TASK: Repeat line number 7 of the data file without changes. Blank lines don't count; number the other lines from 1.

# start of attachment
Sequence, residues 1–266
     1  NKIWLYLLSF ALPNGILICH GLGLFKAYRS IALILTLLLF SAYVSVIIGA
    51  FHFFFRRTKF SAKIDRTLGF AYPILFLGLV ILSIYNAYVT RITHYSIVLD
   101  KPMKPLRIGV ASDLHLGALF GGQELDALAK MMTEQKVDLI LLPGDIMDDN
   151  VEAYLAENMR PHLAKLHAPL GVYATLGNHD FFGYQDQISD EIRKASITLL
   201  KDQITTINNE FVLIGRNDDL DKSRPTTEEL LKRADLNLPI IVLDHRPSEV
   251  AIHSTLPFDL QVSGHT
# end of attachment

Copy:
   251  AIHSTLPFDL QVSGHT